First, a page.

While it will be interesting, no doubt, to see what happens with The Other Side of the Wind, the true lost Welles masterpiece is the complete version of The Magnificent Ambersons, which was taken away from Welles and recut by RKO under the supervision of Robert Wise, up to the point of having 45 minutes or so of footage chopped out, and a “happy ending” substituted at the last minute. To add insult to injury, the film was ultimately released on the bottom half of a double bill with Leslie Goodwins’ distinctly downmarket film Mexican Spitfire Sees a A Ghost - essentially dumped in the marketplace.
By this time, as has been well documented, RKO had undergone a change of management, and the critical praise that the director’s first film Citizen Kane had garnered notwithstanding, the studio was no longer in a mood to give Welles the creative freedom he had enjoyed on Kane. He had simply caused the studio too much trouble, and the new management was only interested in one thing – money. To make matters even worse, RKO ordered the destruction of all the negative trims and outtakes of the complete version, so that a later reconstruction by Welles would be impossible.
To this day, historians and theorists continue to hope that a complete copy of the film will turn up somewhere, in some long forgotten vault, and since Welles was in South America working on his abortive project It’s All True during Ambersons‘ editing, there is the faint – very, very faint – possibility that a complete version of the film was sent to him there, but this is the stuff of legend.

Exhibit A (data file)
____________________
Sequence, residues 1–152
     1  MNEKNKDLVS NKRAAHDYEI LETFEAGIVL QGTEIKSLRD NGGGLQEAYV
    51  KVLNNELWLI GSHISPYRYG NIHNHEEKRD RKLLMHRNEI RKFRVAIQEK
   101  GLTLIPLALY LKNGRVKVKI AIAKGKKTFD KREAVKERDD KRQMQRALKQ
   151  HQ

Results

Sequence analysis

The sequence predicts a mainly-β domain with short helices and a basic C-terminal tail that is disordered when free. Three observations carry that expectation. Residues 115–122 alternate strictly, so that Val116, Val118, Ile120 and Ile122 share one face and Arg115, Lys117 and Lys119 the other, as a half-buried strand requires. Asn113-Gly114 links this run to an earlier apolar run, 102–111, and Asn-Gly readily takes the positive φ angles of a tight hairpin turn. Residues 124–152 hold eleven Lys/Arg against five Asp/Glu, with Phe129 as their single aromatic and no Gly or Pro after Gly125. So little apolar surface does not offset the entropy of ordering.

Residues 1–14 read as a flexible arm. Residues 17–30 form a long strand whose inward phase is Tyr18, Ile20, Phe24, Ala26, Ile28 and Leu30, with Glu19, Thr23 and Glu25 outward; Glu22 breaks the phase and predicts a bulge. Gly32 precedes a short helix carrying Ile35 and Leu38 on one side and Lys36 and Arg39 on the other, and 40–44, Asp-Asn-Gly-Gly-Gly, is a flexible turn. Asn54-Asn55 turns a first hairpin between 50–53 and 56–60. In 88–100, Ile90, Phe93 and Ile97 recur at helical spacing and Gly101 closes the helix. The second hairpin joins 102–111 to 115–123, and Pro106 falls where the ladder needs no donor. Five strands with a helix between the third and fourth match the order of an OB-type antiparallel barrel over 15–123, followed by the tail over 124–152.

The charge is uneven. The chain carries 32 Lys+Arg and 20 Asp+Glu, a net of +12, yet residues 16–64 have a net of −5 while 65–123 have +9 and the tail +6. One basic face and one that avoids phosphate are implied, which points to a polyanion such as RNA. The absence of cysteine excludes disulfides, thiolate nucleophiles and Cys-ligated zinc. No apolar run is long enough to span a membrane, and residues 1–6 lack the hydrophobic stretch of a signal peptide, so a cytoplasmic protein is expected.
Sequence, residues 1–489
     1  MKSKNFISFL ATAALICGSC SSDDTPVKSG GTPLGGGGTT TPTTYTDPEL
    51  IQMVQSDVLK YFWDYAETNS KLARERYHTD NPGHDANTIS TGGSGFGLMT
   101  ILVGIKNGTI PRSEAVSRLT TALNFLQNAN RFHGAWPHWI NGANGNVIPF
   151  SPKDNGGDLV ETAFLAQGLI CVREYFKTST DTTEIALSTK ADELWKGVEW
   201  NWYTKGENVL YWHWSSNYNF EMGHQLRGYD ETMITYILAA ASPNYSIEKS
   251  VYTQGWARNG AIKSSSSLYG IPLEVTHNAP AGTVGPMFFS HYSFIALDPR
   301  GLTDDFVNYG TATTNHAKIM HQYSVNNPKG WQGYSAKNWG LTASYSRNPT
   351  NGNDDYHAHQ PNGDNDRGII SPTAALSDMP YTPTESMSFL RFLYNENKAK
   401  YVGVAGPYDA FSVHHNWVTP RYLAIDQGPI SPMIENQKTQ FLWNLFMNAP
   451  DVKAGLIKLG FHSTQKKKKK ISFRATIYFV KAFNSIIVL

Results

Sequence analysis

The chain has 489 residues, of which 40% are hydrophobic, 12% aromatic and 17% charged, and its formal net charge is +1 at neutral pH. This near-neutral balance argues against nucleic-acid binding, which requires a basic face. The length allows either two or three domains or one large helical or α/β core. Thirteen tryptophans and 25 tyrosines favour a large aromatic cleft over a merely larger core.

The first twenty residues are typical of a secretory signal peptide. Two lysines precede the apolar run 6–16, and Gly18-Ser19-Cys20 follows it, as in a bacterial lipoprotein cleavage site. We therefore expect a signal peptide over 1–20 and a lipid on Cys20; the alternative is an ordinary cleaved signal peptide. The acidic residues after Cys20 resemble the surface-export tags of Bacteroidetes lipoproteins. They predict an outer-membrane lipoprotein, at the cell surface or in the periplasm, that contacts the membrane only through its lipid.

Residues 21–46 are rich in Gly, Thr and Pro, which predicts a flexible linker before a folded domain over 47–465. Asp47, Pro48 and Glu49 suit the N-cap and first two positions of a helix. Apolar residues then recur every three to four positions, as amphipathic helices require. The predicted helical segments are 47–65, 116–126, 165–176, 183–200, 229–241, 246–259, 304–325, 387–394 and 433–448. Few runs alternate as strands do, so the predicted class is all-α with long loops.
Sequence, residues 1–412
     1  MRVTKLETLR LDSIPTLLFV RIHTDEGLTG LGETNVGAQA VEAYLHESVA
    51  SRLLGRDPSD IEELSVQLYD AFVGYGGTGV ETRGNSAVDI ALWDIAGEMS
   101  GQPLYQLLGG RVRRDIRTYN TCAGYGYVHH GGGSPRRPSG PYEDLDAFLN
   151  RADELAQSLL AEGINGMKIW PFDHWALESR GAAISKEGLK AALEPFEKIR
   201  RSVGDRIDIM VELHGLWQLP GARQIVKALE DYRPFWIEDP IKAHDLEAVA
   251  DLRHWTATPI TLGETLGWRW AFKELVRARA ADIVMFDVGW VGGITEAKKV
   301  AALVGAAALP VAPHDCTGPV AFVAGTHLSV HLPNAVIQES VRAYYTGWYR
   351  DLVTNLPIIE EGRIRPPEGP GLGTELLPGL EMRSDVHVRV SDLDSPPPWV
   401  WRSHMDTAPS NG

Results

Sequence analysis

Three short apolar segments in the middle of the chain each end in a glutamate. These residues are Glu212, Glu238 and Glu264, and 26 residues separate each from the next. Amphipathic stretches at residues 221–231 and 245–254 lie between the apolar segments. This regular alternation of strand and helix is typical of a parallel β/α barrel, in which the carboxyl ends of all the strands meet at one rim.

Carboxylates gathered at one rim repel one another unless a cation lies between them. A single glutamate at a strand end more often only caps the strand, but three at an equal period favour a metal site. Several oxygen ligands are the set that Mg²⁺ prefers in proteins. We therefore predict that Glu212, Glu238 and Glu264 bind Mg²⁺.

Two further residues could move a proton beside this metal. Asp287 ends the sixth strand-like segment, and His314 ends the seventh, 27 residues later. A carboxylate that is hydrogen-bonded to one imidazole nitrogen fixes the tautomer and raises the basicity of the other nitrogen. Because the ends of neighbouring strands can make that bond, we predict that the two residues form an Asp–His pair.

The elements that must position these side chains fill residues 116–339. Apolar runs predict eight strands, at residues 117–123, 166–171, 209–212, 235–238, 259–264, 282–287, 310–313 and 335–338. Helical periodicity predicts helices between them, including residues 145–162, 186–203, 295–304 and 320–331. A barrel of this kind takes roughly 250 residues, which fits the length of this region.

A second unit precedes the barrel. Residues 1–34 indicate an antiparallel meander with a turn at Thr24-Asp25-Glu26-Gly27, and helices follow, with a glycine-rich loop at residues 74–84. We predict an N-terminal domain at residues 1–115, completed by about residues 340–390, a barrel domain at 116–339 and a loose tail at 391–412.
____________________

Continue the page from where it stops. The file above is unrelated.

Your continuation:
I’m reluctant to say that the complete film is absolutely gone, simply because while Kane dazzles, Ambersons is a much darker, more complex film, about the collapse of memory and social change, in which the world that one lives in is subject to the constant whims of “progress.” But while I can hope, I have to be a realist. It seems that the complete Ambersons is truly lost to us – forever.
If Kane is is a thunderbolt of a film, Ambersons reminds me of the work of Henry James; complex, convoluted, richly layered and deeply introspective. The destruction of the complete version of the film by RKO remains one of the great crimes of cinema history – a crime which it seems it impossible to undo. In the meantime, we have the 88 minute version, which still shows what the film was gesturing at, and what it might have been. In the end, I’ll come down on the side of Ambersons over Kane as Welles’ most deeply felt film, even in the current mutilated version.